21 June 2016
Extraordinary meeting of Council on Thursday 23 June
An Extraordinary Meeting of Council will be held on Thursday 23 June 2016 to consider a Notice of Rescission on legal action on a 20-lot subdivision at 40 Creek Street, Hastings Point.
The meeting will consider a Notice of Rescission of a resolution from its meeting of 6 August 2015:
“That Council engages its solicitors, and suitable consultants, if required, to defend the deemed refusal appeal for DA15/0201.
17 June 2016
Campaign to reduce drink driving on local roads
Drink driving on local roads is being targeted in a local government road safety campaign underway in the Tweed for the next fortnight.
Over the coming weeks, Tweed residents will be reminded to not drink and drive, by using their Plan B. The campaign focuses on roads where statistics show alcohol is a factor in a high number of crashes.
“If no-one got behind the wheel of a car after drinking, the number of fatal crashes in the Tweed could be reduced by up to 24 per cent,” Council’s Road Safety Officer, Alana Brooks, said.
“If you're going to drink, plan not to drive. Organise how you are going to get home safely before you go out.”
While police regularly patrol Tweed Valley Way and Terranora Road, this campaign will also focus on areas surrounding Murwillumbah and Mooball.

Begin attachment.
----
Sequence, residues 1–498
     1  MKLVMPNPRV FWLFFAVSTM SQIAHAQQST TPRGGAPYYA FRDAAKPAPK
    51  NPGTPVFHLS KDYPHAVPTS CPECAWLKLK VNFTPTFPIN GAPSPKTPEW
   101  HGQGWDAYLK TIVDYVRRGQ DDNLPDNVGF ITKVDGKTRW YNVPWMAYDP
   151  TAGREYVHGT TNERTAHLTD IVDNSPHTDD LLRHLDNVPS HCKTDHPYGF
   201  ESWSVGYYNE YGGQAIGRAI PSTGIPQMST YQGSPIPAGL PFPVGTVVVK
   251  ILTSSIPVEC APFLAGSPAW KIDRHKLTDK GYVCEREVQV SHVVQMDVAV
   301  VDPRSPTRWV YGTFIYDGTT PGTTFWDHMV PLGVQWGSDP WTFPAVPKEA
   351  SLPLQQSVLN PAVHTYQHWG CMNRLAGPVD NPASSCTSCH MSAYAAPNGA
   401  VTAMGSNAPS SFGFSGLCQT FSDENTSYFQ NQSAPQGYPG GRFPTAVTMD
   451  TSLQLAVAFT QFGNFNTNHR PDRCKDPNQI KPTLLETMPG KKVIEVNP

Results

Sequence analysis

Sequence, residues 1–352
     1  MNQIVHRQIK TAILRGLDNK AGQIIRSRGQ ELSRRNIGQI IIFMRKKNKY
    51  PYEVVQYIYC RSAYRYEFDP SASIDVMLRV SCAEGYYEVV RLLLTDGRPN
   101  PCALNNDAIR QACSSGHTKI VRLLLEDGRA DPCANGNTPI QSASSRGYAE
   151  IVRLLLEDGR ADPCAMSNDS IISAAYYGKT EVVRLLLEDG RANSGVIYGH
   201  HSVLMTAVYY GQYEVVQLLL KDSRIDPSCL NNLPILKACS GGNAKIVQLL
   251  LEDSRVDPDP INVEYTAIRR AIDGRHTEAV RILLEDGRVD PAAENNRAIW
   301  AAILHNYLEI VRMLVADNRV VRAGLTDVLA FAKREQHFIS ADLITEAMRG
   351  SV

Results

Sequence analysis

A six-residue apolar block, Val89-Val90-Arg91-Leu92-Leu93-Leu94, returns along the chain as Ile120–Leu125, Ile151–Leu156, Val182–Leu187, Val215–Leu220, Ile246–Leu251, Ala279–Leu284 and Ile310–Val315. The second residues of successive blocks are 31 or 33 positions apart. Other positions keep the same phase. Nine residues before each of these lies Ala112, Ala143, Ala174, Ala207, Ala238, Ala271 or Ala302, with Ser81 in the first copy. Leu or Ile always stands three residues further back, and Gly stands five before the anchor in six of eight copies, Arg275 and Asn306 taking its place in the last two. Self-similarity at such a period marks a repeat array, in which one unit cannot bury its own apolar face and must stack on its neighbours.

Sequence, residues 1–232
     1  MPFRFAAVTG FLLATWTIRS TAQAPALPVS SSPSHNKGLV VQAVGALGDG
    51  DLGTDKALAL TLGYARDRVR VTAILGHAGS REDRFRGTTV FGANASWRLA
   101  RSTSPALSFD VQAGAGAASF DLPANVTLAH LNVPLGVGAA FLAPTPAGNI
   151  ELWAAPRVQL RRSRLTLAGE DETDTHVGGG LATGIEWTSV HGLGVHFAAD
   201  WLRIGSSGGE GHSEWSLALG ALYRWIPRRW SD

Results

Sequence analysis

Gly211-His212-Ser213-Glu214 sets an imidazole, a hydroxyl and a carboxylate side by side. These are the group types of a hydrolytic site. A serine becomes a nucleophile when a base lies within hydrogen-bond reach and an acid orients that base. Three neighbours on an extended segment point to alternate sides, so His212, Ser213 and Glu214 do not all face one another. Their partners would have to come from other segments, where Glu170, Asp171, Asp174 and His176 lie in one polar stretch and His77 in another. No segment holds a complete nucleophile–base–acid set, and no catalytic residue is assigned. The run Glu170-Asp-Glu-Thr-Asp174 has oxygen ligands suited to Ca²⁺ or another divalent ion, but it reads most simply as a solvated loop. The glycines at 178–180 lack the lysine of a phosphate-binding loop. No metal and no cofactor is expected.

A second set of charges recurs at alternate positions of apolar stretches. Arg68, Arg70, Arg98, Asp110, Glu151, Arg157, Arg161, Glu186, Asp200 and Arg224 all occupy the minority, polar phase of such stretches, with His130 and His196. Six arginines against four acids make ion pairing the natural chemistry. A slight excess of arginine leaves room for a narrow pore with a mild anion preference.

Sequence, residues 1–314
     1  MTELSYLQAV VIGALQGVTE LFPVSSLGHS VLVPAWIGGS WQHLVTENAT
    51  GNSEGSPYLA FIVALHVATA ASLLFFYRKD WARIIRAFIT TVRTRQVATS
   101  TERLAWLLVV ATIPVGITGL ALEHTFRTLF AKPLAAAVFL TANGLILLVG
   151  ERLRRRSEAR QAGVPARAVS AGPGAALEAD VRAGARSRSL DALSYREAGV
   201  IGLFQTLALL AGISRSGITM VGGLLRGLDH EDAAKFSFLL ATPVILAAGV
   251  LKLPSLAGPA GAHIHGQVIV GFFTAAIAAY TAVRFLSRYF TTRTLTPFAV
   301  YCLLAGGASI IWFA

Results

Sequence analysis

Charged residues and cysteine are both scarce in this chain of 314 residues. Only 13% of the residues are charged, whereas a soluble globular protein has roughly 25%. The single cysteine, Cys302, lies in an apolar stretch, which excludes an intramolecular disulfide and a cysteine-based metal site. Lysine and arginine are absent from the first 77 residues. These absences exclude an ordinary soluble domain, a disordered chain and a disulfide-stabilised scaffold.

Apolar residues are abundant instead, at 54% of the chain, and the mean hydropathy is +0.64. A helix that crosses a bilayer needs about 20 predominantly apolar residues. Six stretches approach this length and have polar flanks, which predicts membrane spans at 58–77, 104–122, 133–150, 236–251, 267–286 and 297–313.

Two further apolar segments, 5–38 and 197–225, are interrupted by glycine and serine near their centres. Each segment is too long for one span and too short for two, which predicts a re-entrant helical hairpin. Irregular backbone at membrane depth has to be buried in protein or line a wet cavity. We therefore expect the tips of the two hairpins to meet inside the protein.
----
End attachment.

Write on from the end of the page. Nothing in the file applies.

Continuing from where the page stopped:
On high risk roads, motorists will notice increased mobile random breath tests by police and variable message boards to encourage motorists to think about their Plan B.
“Your plan B might be having a designated driver, catching a taxi, staying at a friend’s house or using a venue’s courtesy bus,” Ms Brooks said.
Police will be supporting the campaign by targeting surrounding areas to reduce the incidence of alcohol-related crashes.
Senior Sergeant Chad George of Northern Rivers Highway Patrol said police were appealing to all drivers to not drink and drive.
“Even a couple of drinks can impair your ability to make decisions and to react in different situations,” he said.
“The decisions that you make behind the wheel of a car can have lifelong consequences for not only you but family, friends, and others if you are involved in a crash.”
16 June 2016
Fauna workshop wraps up popular Land for Wildlife workshop series
The final instalment in the free Land for Wildlife workshop series - to be delivered on Saturday 25 June - will focus on vertebrate fauna, frogs, birds and pest management.
Land for Wildlife, launched in November 2014, is a voluntary property registration scheme that helps private landholders manage wildlife habitat on their property. Funded by a National Parks and Wildlife Foundation grant with additional funding by Council, the series focuses on practical elements of biodiversity conservation for private landholders.
“With 217 people having already attended, it has been a popular series confirming local landholders are eager to learn about and manage native habitat,” Council’s Project Officer - Biodiversity, Michael Corke, said.